With these reflections, I came to realise that I could benefit by improving my professional online identity, namely, by setting up a LinkedIn profile to advance my employment networks. Overall, this topic has helped me to understand the most important components of a professional online identity that will help me when applying for jobs after graduating.

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Topic 3-Creating an Authentic online Proffesional profile

A theme of last week’s post highlighted the damage that can be caused when our digital profile is not established professionally, hindering employment opportunities. This week, however, I will explore the ways in which an authentic professional profile can be produced online in order to improve recruitment prospects, and how to overcome authenticity issues.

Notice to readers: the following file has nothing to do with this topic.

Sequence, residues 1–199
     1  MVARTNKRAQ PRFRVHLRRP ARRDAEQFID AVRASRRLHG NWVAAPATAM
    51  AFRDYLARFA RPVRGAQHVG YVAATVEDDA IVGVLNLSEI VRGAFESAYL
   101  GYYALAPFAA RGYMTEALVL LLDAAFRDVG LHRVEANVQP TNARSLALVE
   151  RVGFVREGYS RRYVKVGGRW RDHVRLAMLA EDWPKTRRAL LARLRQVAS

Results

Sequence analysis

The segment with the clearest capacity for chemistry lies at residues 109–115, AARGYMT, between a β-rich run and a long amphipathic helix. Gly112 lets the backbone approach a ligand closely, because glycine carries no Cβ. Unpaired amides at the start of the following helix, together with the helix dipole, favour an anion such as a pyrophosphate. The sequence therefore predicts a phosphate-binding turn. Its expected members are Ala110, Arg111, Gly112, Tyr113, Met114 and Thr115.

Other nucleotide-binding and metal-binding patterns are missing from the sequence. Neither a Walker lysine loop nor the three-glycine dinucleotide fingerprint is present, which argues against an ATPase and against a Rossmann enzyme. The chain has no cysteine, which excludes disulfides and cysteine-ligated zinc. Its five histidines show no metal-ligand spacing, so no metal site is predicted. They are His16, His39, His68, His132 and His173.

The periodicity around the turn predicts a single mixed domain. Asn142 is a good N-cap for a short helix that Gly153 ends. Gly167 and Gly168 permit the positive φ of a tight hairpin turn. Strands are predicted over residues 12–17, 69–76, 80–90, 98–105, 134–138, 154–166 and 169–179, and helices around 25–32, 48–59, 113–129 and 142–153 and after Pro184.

In the modern era, Online employment is very much a two way process, with job-seekers creating a digital profile that works to improve their chances of employment, while companies begin to remove traditional forms of advertising, attracting young people to their company through social media outlets in an efficient and cost effective manner (Tapscott, 2014)

Creating a professional profile

One of the best ways to develop a professional online presence is through the creation of a LinkedIn profile. LinkedIn is centered on the professional presentation of individuals, allowing members of the site to “Link” to other users, network with professionals, and ultimately discover new employment opportunities (Carruthers, 2012). The growth of the site has meant that around 85% of recruiters use LinkedIn before looking at any other recruitment tools (LinkedIn, 2015), therefore, the way that a person presents themselves of on the site is hugely important.

Figure 1


It may also be useful to establish a professional online persona on other social media sites, ways to do this successfully are outlined in the figure below.

Figure 2

Proffesional socail media

Being authentic and professional